Taratata Brasserie | 35A Keong Saik Road, Singapore 089142 (Google Maps link) | 12pm to 2.30pm and 6pm to 10pm on Tuesdays to Thursdays and Sundays; 12pm to 2.30pm and 6pm to 12am on Fridays and Saturdays; closed on Mondays | 6221 5406.
Not to be confused with the now-defunct cocktail bar in the Keong Saik area of the same name, this Copper was previously known as The Copper Plate. The casual whisky-focused gastrobar – which is run by the same folks behind pioneering whisky drinking hole Quaich Bar – opened up in early 2019 offered Japanese-inspired bar food to go along with its wide range of whiskies and whisky-based cocktails.
Copper recently revamped its food menu to one that revolves around Japanese-style rice bowls and noodles. Drinkers are likely to eschew those for finger food to go with their drams – the River Shrimp Frites, or fried amaebi, and the Fried Chicken Kara Age are particularly good – but that would be a mistake. The Minced Chicken Rice Bowl – just rice topped with braised minced chicken and a sous-vide egg – is simply comfort food in a bowl.
But what truly hits the spot is the collagen bone broth that makes the base of their noodle offerings. You can opt for the same braised chicken mince as a topping for your somen or udon, but the Seafood Noodles – with its bounty of prawns, mussels and clams – add another layer of flavour into the wholesome broth. Add a spoonful of whisky into your soup for even more oomph.
We’re not sure if Copper will again revamp the menu any time this coming year, but in the meantime we’ll swing in any time we’re in Orchard Road for a bowl of them noodles just in case.
Copper | 167 Penang Road, #01-01 Lanson Place, Singapore 238462 (Google Maps link) | 12pm to 12am on Mondays to Fridays; closed on Saturdays and Sundays | 6677 7346.
6. Madame Fan.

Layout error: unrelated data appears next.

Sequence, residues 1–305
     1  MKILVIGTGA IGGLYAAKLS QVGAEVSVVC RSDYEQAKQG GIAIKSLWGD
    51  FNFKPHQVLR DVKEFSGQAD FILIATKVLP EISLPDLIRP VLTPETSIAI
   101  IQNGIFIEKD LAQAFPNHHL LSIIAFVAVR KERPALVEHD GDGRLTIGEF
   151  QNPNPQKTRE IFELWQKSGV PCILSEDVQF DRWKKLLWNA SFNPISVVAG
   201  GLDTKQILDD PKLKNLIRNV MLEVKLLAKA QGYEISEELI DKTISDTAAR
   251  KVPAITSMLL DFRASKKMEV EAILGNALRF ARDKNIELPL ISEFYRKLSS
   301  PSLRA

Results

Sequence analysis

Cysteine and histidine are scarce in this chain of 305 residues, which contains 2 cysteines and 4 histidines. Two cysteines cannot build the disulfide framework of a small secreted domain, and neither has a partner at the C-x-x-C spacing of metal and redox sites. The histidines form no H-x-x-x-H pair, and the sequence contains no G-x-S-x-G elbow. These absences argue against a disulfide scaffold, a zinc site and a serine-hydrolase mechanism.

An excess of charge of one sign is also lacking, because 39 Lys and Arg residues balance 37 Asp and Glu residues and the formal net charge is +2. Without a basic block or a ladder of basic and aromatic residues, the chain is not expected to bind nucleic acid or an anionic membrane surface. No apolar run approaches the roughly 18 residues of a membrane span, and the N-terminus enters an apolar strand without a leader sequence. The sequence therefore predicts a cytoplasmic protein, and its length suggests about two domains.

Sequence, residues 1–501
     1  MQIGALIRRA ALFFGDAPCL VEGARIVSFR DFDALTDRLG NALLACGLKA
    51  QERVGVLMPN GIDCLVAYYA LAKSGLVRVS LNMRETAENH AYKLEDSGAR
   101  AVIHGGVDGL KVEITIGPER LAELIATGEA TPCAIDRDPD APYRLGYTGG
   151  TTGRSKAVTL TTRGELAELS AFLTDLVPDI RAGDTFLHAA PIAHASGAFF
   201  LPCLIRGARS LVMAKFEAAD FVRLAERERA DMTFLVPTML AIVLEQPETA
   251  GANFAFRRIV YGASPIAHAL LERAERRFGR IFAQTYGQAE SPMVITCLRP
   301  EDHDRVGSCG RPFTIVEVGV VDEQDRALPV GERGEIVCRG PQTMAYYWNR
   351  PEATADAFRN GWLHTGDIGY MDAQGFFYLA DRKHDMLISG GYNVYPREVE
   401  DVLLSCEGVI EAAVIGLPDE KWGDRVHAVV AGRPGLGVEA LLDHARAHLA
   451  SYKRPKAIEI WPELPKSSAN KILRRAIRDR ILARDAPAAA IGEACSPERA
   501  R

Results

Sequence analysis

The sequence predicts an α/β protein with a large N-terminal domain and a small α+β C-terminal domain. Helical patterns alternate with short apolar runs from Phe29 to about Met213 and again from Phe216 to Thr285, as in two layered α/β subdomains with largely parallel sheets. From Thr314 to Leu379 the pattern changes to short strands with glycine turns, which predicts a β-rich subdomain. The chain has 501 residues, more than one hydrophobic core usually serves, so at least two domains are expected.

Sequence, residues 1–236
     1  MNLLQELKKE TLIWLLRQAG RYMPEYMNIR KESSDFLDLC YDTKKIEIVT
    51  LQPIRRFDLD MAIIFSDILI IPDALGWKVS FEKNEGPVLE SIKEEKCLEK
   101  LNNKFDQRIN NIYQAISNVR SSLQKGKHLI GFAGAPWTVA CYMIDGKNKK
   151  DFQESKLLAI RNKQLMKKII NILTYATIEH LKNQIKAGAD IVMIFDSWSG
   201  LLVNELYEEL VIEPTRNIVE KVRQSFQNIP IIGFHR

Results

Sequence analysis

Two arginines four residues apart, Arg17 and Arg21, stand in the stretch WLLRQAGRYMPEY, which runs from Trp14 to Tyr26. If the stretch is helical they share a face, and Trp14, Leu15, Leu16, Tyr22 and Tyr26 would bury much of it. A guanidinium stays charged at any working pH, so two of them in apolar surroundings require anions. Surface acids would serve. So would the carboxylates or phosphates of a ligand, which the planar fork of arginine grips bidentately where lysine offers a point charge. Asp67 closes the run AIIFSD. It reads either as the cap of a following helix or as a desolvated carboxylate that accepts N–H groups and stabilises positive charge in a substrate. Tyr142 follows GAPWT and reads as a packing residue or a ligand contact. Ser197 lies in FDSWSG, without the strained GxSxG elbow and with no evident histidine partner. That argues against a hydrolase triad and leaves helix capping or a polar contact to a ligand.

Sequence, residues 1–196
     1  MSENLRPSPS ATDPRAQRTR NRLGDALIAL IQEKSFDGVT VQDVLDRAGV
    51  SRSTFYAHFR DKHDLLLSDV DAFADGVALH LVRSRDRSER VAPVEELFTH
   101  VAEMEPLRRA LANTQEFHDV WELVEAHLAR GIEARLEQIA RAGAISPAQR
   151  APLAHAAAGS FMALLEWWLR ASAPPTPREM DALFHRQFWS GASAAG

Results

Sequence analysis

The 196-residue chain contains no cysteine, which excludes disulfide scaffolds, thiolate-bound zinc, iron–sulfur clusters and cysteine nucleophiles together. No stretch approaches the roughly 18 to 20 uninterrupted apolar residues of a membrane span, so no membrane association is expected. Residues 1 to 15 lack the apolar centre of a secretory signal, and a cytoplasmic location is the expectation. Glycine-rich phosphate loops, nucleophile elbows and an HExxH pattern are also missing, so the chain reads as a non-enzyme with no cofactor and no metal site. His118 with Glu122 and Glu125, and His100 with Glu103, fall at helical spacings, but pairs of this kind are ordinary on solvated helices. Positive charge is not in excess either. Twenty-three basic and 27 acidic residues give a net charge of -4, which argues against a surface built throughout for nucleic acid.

Some of us may drop in on Madame Fan at The NCO Club in the South Beach precinct for its cocktail bar, but it is a contemporary Chinese restaurant first and foremost. The massive restaurant with its old-school 1930s Shanghai glamour – complete with a stage for live entertainment – serves up modern Cantonese classics with a progressive European sensibility, and is a place as much to visit for its live post-modern jukebox music as it is for its elegant cuisine.
Those who enjoy Peking duck may appreciate its Crispy Aromatic Duck, which eschews the usual shimmering crispy skin on the roast duck for one that’s rubbed with spices but served the usual way. Whatever you can’t finish with the ethereal crepes are rendered into a refreshing salad with watermelon, pomelo and cashew nuts for a texture and flavour riot. Then there’s the Australian Black Angus Beef Tenderloin Cubes, a highly-elevated version of the classic black pepper beef
If you prefer something even more timeless, its double-boiled Four Treasure Soup – which sees sea cucumber, fish maw, and dried Hokkaido scallop – will hit the comfort spot, and likely to draw praise from even the most demanding of Cantonese matriarchs.
But chances are that a year after its opening this menu at Madame Fan is due for a refresh, so be sure to visit before a new one kicks in.
Madame Fan | 32 Beach Road, Singapore 189764 (Google Maps link) | 12pm to 12am daily | 6818 1921.
7. El Mero Mero.